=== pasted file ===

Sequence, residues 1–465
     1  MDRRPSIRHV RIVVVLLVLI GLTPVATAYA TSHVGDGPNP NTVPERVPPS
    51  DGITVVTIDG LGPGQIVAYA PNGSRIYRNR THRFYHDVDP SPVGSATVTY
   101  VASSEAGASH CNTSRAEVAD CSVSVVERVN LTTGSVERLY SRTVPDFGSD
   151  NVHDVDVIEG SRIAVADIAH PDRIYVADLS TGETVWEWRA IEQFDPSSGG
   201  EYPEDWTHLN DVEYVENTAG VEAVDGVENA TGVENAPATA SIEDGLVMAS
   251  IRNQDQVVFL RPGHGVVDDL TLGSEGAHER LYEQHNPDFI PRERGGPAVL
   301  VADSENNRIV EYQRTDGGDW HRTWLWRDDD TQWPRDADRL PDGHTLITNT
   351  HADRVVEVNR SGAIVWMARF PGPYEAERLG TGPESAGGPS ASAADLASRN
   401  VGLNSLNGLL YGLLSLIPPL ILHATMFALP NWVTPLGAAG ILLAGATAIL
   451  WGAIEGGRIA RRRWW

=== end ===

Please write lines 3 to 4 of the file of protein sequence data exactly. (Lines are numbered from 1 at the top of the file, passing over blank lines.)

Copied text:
    51  DGITVVTIDG LGPGQIVAYA PNGSRIYRNR THRFYHDVDP SPVGSATVTY
   101  VASSEAGASH CNTSRAEVAD CSVSVVERVN LTTGSVERLY SRTVPDFGSD